How Do I Make A Flow Chart Using The Following Information?Show The Flow

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Introduction The addition of molecular bromine to the double bond of an alkene is an example of the most common
reaction of multiple bonds (i.e. bonds containing a 11: bond). This type of reaction is called addition. In these types of reaction, the 1: bond is broken and a new bond is formed to both carbons of the multiple
bond (i.e. double or triple bond). As the multiple bond is electron rich, addition reactions occur with
reagents that can form positively charged atoms called electrophiles (i.e. electron loving). Proton, H+,
is the most common electrophile, so multiple bonds react with any reagent that can produce a proton
like mineral acids, HX (X = F, Cl, Br, I, OH etc). Other compounds, such as halogens, react quickly to
multiple bonds in addition reactions, but do not appear to be able to form electrophiles. In this experiment, you will brominate the alkene, trans-cinnamic acid, and isolate the product, 2,3-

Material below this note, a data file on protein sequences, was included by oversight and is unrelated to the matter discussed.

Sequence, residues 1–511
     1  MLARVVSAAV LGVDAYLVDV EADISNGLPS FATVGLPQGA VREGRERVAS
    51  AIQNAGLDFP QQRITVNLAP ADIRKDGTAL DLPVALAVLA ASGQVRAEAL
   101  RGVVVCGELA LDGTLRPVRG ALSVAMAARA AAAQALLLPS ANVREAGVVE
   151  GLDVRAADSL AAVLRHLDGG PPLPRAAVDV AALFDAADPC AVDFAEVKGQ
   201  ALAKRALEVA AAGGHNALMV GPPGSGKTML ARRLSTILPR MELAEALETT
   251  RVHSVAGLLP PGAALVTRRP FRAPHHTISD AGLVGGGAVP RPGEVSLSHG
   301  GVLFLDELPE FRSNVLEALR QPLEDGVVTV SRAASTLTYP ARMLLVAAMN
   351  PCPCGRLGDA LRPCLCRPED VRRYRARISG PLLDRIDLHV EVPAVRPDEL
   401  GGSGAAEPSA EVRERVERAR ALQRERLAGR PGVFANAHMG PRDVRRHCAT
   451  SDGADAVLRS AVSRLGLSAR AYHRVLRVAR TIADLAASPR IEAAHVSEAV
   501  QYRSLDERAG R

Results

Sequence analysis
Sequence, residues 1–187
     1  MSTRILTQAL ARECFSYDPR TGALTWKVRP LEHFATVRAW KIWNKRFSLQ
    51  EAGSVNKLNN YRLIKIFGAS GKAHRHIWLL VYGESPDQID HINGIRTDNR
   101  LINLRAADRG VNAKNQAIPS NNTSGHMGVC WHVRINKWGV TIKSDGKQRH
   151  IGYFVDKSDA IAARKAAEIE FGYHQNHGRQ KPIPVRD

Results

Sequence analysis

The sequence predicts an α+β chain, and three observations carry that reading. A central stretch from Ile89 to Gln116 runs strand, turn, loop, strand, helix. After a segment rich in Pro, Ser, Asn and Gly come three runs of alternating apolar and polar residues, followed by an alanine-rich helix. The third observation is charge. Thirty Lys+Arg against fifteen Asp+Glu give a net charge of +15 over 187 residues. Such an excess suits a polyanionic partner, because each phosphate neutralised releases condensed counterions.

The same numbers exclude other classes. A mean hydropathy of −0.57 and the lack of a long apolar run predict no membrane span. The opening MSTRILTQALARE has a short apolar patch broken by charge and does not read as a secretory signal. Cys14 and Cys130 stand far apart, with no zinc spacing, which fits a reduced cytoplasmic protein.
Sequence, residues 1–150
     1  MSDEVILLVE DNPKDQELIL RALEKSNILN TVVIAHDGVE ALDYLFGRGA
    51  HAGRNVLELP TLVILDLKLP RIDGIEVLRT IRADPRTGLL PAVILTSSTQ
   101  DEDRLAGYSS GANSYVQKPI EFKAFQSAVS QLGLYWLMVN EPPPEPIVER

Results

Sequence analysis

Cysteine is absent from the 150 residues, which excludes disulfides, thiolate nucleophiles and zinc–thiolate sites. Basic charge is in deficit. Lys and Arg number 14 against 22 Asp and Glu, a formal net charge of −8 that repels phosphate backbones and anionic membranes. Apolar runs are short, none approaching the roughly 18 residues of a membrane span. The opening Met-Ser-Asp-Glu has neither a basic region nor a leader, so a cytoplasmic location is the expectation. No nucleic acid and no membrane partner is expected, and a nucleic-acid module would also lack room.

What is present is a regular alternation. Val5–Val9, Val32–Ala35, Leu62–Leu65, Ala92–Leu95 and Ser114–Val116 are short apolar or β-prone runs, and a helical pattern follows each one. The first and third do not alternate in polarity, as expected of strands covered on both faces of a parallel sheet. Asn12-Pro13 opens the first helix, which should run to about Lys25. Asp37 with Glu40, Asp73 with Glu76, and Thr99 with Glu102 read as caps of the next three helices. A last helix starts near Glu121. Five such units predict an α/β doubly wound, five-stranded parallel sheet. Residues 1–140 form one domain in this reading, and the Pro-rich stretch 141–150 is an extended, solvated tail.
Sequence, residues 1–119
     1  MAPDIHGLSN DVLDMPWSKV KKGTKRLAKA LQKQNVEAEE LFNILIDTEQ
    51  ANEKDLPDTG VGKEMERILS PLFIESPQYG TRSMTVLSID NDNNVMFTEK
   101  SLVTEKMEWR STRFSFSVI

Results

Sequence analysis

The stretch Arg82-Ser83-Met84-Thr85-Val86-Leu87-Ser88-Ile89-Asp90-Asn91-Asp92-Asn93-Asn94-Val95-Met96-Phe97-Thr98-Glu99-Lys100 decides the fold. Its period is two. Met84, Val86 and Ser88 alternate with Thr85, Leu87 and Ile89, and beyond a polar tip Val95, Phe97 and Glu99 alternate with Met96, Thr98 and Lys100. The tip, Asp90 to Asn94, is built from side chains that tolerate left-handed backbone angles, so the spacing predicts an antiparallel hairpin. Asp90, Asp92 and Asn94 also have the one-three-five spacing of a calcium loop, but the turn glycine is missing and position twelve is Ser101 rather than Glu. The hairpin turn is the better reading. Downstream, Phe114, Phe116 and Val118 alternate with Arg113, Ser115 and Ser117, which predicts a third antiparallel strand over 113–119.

dibromo-3-phenylpropanoic acid. trans-cinnamic acid 2,3-dibromo—3-phenylpropanoic acid The product of this addition (and many additions to alkenes) yields two chiral carbons and hence 4
stereoisomers. These stereoisomers are grouped into 2 enantiomeric pairs. One enantiomeric pair is
the (28,38) and (2R,3R) stereoisomers which have a melting point of 94°C. The other pair is the (25,3R)
and (2R,3S) stereoisomers which have a melting point of 203°C. In this experiment, you will determine Science